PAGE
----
Surfing column picture

Brett Hopkins, a member of the Galveston-based Southern Spears Surf Shop surf team, competes in the Texas Gulf Surfing Association’s Port Aransas Open last weekend. The Southern Spears squad took first place in the team competition at the event thanks to strong performances by Hopkins and his teammates.

Last weekend’s cold front brought an exceptionally good run of waves for Texas surfers, as both Saturday and Sunday were marked by decent size and clean conditions. It was about as good as it gets around these parts.

I ended up surfing for four hours straight on Saturday morning because the waves were just too good to leave, even though I was well past the point of exhaustion.

After that session, arms burning from the long paddles and legs aching from riding so many good waves, I developed a theory.

It seems to me that many surfers — myself included — hit a sweet spot in their evolution as wave riders somewhere near age 40. That’s when our growing ocean knowledge, experience reading waves and understanding of particular surf breaks bisects with strength and endurance before those physical attributes begin their downward slide.

At least that’s my reality. It seems a cruel irony that as my wave selection and general understanding of the ocean has improved, my pop-up is slower, my cutbacks aren’t as sharp and my ability to get around crumbling sections isn’t what it used to be.

Still, being a few years beyond the perceived four-decade mark of my theory, the enjoyment of riding a wave hasn’t dulled a bit. If anything, it has heightened my gratitude for the gift of surfing.

Dropping in on a moving wall, the vision of a wave face stacked in front of me like an empty canvas, is one of the most surreal and memorable experiences of my life. The feel of gliding atop water, speeding ahead of the breaking curl and the roar of the wave’s energy is mind-altering, a natural endorphin rush that is meditative, addictive.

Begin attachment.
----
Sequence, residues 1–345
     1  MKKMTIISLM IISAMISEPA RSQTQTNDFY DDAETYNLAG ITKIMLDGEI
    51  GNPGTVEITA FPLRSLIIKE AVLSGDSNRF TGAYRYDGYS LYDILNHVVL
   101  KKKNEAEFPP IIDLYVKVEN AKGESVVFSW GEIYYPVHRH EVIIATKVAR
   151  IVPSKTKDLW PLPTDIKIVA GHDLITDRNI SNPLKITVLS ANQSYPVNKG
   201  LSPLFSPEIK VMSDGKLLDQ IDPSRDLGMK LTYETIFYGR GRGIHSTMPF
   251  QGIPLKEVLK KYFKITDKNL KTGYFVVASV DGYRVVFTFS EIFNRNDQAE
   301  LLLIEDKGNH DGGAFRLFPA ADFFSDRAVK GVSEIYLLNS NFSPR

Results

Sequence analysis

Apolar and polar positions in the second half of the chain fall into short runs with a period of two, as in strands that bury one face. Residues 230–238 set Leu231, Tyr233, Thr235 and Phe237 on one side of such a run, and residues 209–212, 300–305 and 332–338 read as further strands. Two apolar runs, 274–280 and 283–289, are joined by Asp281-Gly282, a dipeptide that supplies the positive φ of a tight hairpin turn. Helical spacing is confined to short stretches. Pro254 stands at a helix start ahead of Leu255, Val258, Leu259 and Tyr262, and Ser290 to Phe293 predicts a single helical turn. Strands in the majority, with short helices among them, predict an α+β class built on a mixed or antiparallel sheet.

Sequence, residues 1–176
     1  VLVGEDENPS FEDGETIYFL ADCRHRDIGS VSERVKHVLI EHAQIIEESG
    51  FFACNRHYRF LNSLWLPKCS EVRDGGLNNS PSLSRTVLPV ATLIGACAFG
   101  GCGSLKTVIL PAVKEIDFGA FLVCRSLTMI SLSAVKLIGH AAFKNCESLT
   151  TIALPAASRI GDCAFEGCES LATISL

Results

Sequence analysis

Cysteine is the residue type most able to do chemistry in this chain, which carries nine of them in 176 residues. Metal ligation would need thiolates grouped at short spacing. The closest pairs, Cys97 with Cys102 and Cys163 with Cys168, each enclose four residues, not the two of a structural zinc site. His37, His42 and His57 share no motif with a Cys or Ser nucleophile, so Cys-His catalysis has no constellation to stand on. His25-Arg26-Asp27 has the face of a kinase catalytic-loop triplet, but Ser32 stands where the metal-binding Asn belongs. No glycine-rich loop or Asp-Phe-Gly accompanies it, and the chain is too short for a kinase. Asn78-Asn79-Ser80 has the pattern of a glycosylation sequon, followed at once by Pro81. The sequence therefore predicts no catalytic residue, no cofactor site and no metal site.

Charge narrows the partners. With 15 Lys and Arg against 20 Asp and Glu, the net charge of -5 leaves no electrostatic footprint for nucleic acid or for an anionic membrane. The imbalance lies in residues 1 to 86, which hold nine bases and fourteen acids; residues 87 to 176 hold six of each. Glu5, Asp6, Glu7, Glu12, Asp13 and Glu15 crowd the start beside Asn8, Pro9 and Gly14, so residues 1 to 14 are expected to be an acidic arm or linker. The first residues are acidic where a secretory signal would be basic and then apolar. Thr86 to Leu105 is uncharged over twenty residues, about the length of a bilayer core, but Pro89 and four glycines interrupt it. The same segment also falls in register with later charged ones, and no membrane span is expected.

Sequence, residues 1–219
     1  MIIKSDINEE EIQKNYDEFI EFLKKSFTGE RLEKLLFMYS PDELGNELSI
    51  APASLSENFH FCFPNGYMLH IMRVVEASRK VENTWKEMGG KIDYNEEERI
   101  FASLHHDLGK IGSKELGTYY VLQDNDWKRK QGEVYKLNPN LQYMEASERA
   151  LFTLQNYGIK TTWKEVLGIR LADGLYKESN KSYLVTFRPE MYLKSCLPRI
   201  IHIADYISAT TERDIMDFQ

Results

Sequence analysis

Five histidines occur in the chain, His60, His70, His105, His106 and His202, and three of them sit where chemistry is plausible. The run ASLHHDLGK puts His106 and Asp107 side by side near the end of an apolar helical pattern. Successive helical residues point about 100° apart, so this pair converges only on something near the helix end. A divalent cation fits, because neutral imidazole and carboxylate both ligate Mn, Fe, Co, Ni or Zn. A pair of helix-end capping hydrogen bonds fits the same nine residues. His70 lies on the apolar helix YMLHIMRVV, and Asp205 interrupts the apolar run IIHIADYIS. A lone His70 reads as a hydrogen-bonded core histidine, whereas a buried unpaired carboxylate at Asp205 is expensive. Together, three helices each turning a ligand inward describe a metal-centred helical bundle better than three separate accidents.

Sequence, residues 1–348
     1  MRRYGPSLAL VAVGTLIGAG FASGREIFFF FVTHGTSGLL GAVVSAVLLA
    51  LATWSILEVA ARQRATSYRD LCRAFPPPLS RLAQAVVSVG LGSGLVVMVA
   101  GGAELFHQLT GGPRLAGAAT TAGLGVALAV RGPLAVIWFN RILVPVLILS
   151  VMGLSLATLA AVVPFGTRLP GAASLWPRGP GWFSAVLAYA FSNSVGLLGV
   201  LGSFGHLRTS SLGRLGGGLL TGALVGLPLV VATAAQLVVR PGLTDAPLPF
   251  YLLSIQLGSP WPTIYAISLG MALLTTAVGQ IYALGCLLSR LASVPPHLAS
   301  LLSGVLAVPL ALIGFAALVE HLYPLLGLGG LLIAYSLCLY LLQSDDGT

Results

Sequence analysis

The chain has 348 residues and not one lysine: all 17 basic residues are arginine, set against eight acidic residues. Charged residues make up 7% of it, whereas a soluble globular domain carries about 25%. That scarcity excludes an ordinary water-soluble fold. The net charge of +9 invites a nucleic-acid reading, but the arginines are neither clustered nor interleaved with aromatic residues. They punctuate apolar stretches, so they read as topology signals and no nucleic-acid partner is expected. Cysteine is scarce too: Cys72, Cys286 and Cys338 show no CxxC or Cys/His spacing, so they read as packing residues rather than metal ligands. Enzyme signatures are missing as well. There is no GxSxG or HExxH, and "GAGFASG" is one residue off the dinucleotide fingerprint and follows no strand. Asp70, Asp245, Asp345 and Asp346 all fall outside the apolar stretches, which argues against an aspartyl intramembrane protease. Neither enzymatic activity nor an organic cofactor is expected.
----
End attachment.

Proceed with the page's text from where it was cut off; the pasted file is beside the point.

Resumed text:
Perhaps with age comes the ability to better appreciate surfing’s sensory experiences, the mind pausing to let the magic of interacting in such a close way with the ocean fully bloom.

All I know is that I drifted off to sleep both nights last weekend seeing images of the waves I had ridden during the day. And I can’t wait to do it again.


The Southern Spears Surf Shop team took first place honors at last weekend’s Texas Gulf Surfing Association Port Aransas Open. Congratulations to team members Brett Hopkins, Bronson Hilliard, John Jones, Caden Shelton, Paul Stagnowski, Jacob Columbo, Jason Shelton and Reef Ellison for their performances in the competition that led to the team victory.


Saturday is the first day of the waiting period for the World Surf League’s final event of the year, the Billabong Pipeline Masters. The forecast is calling for good-sized swells, but lots of wind, throughout the event. Tune in to to see who captures this year’s world title.

Stephen Hadley is a longtime surfer who lives and works in Galveston. If you have an idea for this column, email him at

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